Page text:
Qualifications: To be appointed as a Chief Justice of the High Court, a person must be a citizen of India and must have held, for at least ten years, a Judicial office in the territory of India or been an advocate in a High Court for at least 10 years, or he must be a distinguished jurist or a renowned writer in the field of law. The judges of the High Courts remain in office till the age of 62. They can resign from the post or can be removed by the President of India.

  7. The High Court is the highest court of a state. The Constitution empowers the High Courts to issue directions, orders or writs for the enforcement of Fundamental Rights and for any other purpose. Like the Supreme Court of India, it also enjoys the original and Appellate Jurisdiction.

    Original Jurisdiction: A High Court has original Jurisdiction in certain matters like those involving Fundamental Rights, divorce, Wills, matters relating to state revenue and its collection. High Courts also hear disputes related to state elections or election petitions.

    Appellate Jurisdiction: Appeals in civil and criminal cases can be made before the High Courts against the decisions of the subordinate courts. The High Court can give fresh verdict in such cases.

    Supervisory Jurisdiction: The High Court controls and supervises the working of the lower courts. It is responsible for the administration of its own affairs as well as for the affairs of its subordinate courts. It also regulates the appointments of subordinate services in the lower courts.

  9.      Civil Courts

    • A Civil Court is the highest court in a district and hear appeal brought from lower courts.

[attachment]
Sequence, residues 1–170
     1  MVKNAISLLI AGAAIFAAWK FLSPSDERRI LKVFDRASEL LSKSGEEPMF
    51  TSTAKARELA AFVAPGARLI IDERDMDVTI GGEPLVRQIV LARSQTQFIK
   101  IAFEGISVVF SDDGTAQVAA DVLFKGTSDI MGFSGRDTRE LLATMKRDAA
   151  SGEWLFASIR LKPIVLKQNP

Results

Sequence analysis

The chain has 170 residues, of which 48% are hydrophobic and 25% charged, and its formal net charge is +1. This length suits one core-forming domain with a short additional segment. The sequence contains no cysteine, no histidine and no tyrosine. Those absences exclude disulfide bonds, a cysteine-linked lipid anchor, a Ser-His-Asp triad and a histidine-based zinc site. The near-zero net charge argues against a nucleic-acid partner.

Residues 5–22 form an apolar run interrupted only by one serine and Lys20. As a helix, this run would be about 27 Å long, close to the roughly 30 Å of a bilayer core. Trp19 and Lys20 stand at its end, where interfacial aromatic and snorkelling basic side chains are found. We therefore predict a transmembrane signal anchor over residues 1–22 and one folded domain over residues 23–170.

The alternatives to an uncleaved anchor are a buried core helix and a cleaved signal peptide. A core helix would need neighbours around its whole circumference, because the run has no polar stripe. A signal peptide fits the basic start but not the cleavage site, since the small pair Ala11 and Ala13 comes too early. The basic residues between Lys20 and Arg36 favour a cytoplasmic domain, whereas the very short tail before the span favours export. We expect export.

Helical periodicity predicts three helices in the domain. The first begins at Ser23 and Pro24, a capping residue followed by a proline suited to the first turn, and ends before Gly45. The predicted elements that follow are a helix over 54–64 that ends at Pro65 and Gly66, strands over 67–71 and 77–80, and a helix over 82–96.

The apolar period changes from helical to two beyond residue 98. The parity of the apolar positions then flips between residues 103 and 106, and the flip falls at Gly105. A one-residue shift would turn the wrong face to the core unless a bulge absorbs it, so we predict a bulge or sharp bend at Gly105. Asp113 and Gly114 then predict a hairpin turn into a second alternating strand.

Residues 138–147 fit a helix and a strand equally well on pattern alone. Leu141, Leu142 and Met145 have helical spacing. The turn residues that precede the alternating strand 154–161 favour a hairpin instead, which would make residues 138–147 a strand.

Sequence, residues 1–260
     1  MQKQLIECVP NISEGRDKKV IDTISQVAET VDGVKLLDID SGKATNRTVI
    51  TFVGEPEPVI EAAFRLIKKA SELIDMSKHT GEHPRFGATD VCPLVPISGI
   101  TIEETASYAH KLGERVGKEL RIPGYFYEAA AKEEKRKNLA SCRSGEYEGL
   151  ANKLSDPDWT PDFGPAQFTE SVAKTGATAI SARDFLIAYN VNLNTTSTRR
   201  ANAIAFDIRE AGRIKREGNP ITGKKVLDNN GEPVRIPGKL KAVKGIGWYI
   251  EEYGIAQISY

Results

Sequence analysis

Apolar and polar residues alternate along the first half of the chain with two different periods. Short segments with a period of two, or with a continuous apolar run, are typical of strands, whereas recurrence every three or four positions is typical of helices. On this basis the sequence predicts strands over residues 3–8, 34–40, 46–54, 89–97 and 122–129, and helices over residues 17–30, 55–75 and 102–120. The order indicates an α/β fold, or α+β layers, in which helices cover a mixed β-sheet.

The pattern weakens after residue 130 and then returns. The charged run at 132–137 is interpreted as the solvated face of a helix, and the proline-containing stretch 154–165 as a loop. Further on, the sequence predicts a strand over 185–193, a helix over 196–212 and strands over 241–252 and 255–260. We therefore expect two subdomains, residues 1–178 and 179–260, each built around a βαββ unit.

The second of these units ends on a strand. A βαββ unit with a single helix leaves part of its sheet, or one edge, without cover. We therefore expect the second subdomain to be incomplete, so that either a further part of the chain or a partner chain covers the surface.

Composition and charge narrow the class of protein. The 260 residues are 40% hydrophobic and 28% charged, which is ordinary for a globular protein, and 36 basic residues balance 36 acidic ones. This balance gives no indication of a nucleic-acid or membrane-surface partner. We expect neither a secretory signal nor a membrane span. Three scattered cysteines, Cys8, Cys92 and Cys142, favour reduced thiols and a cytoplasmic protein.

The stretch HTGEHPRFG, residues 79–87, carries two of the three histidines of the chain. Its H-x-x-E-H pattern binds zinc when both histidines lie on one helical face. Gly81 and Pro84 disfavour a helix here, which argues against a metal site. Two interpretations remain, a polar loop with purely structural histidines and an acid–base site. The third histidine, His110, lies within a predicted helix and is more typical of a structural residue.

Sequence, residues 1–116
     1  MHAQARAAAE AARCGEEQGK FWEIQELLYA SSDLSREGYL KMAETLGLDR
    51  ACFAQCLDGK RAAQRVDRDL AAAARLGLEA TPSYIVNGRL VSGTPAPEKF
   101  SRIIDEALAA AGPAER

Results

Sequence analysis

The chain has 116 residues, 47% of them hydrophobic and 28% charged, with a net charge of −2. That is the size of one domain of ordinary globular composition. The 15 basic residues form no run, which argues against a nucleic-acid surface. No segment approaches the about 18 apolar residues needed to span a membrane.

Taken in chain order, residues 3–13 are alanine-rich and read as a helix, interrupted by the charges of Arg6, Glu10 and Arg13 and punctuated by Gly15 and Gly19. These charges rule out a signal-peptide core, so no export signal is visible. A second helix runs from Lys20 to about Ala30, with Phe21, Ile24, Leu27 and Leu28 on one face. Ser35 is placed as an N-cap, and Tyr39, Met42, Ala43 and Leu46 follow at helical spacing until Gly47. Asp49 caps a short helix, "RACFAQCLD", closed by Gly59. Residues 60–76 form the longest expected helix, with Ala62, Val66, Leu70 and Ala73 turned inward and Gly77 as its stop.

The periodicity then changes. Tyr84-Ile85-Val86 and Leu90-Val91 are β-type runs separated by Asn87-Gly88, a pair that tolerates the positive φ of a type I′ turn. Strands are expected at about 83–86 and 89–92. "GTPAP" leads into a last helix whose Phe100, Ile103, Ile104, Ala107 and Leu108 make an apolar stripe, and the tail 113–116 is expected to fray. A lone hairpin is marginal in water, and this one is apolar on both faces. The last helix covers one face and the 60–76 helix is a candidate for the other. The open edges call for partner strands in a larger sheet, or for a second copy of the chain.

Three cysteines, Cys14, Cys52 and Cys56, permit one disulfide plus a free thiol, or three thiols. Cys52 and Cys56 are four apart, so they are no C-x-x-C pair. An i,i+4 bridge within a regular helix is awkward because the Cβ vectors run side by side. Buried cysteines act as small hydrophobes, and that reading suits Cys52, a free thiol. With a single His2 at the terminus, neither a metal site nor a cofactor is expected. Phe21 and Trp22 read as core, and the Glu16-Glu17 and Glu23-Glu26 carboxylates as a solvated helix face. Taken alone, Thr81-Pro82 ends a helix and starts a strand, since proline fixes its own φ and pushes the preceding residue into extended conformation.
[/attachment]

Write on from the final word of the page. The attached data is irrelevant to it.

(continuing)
• It is headed by the District Judge and tries civil cases.
    • The Deputy Commissioner of the district, apart from exercising administrative and revenue powers, also functions as the District Magistrate or District Judge.

    Criminal Courts

    • Criminal Court of the district, the highest court in the district for hearing criminal    cases, is headed by a Sessions Judge. Cases of murder, dacoity and other serious crimes are heard by the Sessions Courts. The judge can go to the extent of awarding capital punishment in such cases. However, his decisions are subject to the approval of the High Court

                           Revenue Courts

    Cases involving the assessment and collection of land revenue as well as property tax are dealt with by the revenue courts. They work directly under the High Court. These courts are divided into five categories.

    • The Board of Revenue,
    • The Court of the Commissioner of Revenue,
    • The Court of the Collector,
    • The Court of the Tehsildar, and
    • The Court of Naib Tehsildar.

                          Lok Adalat

    • The concept of Lok Adalat had been introduced which comprising retired Supreme Court judges, Lawyers and social workers, these courts have simplified the legal procedures.
    • The first Lok Adalat, where about 150 cases were decided in a single day, was inaugurated in Delhi in December 1985 by Justice P.N. Bhagwati.
  11.                       Civil cases

    • They involve conflicts related to money, property and social practices like inheritance, divorce etc., between two people or agencies/institutions.
    • A civil case deals with rights and duties between individuals.
    • In a civil case, the claimant brings the claim against a defendant.

                             Criminal cases

    • They involve offences which disrupt peace and cause harm to other members of society.
    • In a criminal case, the government brings charges against the person alleged to have committed the crime.
    • These cases involve enforcing public codes of behaviour as embodied in the laws. The law is concerned with establishing and maintaining social order and protecting the community.
Ask a Question